They fight for Glory !-cried my father, raising his voice. Glory!-said Yorick, (while benevolence reddened on his countenance)-Glory blooms on the Olive! I never see a Laurel but methinks there's blood upon its leaf:-the Laurel springs near the Wolf, the Olive is a shelter for the Lamb! To bind up the wounds of Affliction-to feed the Hungry-to make Woe forget her troubles and Misery to smile-is Glory! It is Glory to shelter our fellow-creatures! but AMBITION and RAPINE, retired behind the walls of their castles, level their engines of destruction on the heads of the Helpless; myriads actuated by them, and blind to fear, rise with the Sun, and mingle with the blessed dews of Heaven the blood of their fellow creatures!
I would not fight under such commanders-quoth Trim, (in a low voice to my uncle Toby, while standing beside him)-though A corporal, TrimI were to be made a General for it! quoth my uncle Toby - with Mercy at his side, and Valour in his heart, is a braver soul.-Courage not guided by Humanity (continued he) is not the bravery of a Man, but the ferocity of a Savage. -An' so it is, an' please your Honour-replied Trim-Why, there's the long-whisker'd mercenaries, though a woman with her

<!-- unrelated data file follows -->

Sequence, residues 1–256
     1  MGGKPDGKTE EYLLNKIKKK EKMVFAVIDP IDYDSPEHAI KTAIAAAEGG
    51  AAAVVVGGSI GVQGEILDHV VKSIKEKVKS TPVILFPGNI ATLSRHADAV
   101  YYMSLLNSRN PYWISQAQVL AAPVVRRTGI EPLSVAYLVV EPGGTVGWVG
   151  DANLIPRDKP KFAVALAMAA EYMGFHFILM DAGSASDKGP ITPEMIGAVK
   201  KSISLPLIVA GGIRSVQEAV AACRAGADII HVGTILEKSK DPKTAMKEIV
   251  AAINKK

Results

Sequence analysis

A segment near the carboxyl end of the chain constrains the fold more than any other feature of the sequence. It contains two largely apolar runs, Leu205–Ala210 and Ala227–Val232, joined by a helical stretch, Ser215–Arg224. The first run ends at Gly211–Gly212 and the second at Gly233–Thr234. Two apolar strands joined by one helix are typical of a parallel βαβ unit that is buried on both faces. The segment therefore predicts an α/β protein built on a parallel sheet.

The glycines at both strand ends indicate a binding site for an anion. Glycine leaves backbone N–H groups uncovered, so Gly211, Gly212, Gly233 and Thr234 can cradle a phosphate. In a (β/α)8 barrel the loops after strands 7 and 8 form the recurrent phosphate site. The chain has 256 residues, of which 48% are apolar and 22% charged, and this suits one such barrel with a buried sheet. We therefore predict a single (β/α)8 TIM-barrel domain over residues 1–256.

baby at her breast were to cry quarter, they wouldn't grant it. They have more whiskers than pity, then-cried Yorick, smiling.
I wish-cried my father, (looking stedfastly at Dr. Slop)-I wish that one example held out by this Nation of Plunderers and Atheists, may be followed in every other, that the pleasure-grounds of Priests may be converted into the grounds of usefulness, where INDUSTRY may smile upon her plough, while the Dove resteth upon it.